New ways to get sculpted abs or lose 20 pounds seem to appear every day. But finding a fitness or diet plan that will fit your lifestyle—and actually deliver results—can be a challenge. Discover the facts, scientific backing, and popular opinions on today’s biggest workout and weight loss trends with this guide.
Should You Get Rid of Gluten?
What's the Deal? Going on a gluten-free diet. A protein in wheat, barley, and rye can damage the intestines of those with celiac disease, so they must forgo bread, beer, pasta, and many other products containing the seemingly all-pervasive grains. (Search: Symptoms of celiac disease)
Though celiac affects only an estimated 1 percent of the population (and milder gluten sensitivity potentially another 9 percent), many folks without the disease have sworn off the g-stuff…and say they feel better.
Who Swears By It: Besides celiac sufferers, those on the paleo diet are also gluten-free. Some dietitians, strength coaches, and regular folks have also jumped on board.
What the Science Says: In an article in the Annals of Internal Medicine, authors Antonio Di Sabatino, MD, and Gino Roberto Corazza, MD, both of the University of Pavia, Italy, argue that there is little evidence, as of now, that non-celiac sufferers who still follow a gluten-free diet are having alleviation of symptoms because they've eliminated wheat. Instead, these non-celiacs, the authors say, may be falling prey to food advertising and marketing claims rather than responding to actual sensitivity: "’Sense' should prevail over 'sensibility' to prevent a gluten preoccupation from evolving into the conviction that gluten is toxic for most of the population."
Why You Might Like It: You might feel better, and you'll probably lose weight. But giving up gluten specifically may not be the reason why. "There are so many other variables," says Sandra Carpenter, RD, Senior Program Manager for Weight Management and Nutrition at the University of Pittsburgh Medical Center. "They may say they're eating gluten-free and feel better, but it may also be that they aren't eating so much pizza!" Dieters also become more mindful of what they're eating and tend to give up foods that aren't good in large quantities anyway, gluten or not—stuff like pretzels, chips, bread, and more.
"It may not be the gluten," says Shawn Arent, PhD, associate professor of exercise science at Rutgers University. "It may be the food choices that go along with this that make it seem very effective."
Why You Might Not Like It: Wheat's tough to give up—and gluten's opponents say that's the problem. In The Wheat Belly, William Davis, MD, claims that the grain has been manipulated to improve yields, making it addictive, acting in the body like an opiate.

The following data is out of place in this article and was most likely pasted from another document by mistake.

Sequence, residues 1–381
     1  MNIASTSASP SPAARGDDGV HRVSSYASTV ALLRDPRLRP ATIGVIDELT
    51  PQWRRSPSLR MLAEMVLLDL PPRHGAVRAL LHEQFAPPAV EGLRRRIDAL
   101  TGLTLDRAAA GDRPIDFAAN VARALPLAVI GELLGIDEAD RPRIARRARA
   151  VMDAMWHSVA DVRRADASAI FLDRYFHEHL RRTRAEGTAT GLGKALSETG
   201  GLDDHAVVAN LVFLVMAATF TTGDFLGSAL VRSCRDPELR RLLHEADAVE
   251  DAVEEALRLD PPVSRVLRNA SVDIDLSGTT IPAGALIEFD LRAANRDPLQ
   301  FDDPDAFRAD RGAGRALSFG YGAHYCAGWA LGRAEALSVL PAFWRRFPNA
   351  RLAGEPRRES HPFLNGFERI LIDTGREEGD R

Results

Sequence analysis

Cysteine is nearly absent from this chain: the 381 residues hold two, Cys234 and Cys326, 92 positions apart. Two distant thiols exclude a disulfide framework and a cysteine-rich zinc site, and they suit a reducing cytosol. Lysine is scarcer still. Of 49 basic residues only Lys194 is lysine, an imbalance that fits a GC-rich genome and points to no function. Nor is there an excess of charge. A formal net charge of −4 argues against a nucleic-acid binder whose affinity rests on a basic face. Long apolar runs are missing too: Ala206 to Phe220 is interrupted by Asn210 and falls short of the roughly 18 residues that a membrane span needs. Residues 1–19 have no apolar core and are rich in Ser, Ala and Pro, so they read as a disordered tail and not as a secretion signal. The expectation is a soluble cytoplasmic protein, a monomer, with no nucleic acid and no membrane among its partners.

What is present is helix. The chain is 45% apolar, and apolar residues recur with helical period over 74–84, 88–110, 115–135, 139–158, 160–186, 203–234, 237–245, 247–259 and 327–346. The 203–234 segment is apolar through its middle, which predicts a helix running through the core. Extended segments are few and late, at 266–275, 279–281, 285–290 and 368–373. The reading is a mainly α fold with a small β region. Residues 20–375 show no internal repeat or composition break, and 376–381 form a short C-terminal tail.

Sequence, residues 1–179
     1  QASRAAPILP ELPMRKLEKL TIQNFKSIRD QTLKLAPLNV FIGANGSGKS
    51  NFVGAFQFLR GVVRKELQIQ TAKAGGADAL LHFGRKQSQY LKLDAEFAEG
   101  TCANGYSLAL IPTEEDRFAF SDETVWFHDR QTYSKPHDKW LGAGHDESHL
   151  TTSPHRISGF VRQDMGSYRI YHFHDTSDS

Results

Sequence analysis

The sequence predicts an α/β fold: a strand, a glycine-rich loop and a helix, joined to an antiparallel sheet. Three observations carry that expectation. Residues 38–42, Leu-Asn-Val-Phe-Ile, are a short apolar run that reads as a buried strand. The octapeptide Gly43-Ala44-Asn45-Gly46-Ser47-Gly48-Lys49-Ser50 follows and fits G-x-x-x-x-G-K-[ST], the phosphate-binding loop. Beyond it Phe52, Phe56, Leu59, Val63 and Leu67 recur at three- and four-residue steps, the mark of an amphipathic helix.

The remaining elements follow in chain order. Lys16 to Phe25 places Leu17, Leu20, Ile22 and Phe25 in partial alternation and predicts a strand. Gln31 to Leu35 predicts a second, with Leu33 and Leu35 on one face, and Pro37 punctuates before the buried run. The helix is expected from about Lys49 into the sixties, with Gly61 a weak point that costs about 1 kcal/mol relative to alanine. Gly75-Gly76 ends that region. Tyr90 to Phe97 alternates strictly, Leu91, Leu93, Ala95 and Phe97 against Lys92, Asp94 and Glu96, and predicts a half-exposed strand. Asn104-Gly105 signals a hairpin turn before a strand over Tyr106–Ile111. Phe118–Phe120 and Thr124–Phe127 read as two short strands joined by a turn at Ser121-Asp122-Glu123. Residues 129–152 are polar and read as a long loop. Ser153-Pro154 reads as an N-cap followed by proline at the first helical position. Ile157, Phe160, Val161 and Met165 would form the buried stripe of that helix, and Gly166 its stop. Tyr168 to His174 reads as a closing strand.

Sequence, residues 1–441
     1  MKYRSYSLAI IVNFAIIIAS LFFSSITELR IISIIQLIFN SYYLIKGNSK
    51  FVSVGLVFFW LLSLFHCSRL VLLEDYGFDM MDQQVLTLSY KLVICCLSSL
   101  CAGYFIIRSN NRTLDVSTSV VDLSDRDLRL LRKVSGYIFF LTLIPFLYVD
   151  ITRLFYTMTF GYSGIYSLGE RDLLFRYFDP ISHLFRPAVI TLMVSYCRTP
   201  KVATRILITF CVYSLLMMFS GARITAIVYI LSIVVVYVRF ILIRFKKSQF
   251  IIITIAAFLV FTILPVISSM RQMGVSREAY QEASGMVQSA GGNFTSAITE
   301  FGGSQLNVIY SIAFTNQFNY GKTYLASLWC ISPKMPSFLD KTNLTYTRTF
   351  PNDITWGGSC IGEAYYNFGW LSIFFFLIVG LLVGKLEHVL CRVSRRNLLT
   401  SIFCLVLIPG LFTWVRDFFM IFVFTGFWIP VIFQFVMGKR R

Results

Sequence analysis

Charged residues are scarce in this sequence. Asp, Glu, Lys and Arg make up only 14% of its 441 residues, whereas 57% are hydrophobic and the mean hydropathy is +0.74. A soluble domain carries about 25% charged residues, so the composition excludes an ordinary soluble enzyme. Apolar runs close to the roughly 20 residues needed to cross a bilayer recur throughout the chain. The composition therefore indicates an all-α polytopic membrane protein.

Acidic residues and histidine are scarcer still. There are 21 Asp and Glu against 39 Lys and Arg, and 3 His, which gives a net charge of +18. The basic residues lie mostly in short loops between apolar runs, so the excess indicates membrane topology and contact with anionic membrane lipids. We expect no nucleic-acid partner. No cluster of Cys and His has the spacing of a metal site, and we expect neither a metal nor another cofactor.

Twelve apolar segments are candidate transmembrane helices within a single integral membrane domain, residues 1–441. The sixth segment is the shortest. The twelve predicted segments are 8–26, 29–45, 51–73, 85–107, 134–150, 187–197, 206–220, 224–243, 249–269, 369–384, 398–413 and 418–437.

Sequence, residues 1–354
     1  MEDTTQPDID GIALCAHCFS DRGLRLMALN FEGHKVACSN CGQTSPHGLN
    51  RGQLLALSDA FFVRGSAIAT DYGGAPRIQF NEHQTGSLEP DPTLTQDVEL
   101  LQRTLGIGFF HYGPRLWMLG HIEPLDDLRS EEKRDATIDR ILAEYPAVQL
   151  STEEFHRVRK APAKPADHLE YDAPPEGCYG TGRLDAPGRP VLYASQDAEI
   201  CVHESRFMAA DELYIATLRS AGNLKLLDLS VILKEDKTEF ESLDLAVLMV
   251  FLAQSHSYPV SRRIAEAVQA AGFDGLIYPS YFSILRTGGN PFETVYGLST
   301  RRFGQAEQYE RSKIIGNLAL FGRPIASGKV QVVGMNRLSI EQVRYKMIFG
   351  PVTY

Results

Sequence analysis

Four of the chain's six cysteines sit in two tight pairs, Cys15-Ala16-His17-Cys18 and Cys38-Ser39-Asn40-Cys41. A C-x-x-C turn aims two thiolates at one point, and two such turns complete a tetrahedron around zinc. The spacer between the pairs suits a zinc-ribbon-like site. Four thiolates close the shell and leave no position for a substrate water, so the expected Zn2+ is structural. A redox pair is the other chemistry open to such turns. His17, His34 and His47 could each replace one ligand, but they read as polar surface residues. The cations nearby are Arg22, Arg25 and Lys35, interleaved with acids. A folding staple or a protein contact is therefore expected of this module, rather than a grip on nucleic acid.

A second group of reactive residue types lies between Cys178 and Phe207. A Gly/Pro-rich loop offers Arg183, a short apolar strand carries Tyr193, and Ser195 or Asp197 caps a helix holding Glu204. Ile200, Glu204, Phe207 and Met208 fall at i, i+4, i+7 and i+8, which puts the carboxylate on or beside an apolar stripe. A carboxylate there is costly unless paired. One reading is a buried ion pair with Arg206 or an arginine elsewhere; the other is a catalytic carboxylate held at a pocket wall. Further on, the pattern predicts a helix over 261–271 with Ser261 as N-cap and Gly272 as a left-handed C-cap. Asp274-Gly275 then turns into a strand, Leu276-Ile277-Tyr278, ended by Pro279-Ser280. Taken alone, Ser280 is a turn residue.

"Everything we're eating is Franken-food," says Valerie Berkowitz, RD, director of nutrition at the Center for Balanced Health. "It's creating this situation where a lot of times people eliminate wheat, and they may lose 20 pounds in a month, feel reduced acid reflux, sinus congestion, migraines, and more."
(Related: 14 Shape-Up Shortcuts that Work)
Will You Go Nuts for the Paleo Diet?
What's the Deal? Eat like a caveman. Paleo proponents suggest that when agriculture started, everything went wrong—10,000 years isn't long enough for our bodies to evolve to deal with the introduction of grains and other industrially-produced foods, and so we've developed "diseases of civilization," including cancer, heart disease, and obesity.
The paleo solution? Cut it all. This diet includes berries, meat, nuts, seeds, and anything else a hunter-gatherer might find. What you'll skip: Bread, corn, and other foods that require industrial farming or processing.
One argument against this logic: Cavemen didn't live that long, and many of the diseases listed above—especially cancer and heart disease—come as a result of old age more so than lifestyle.
"It goes back to the philosophy of basics, and that whole foods are good," Carpenter says. "But if they had lived until they were 80 or 90, maybe they would have had these diseases, too."
Who Swears By It: Among others, CrossFit athletes love the Paleo Diet.
What the Science Says: In a small study of just nine people from 2009, scientists from the University of California, San Francisco School of Medicine saw a reduction in blood pressure and cholesterol, and an increase in glucose tolerance.
Why You Might Like It: You'll be eating lots of whole foods. As with the gluten-free approach, the benefit of this strategy may not be the "paleo" part, but the "not eating garbage" part, says Arent.
"You're removing a lot of energy density in the form of sugars," he says. "You wind up cutting a lot of non-satiating foods. So you lose weight because you've refrained from bad food choices."
Why You Might Not Like It: As with the gluten-free approach, wheat and other carbohydrates can be tough to kick.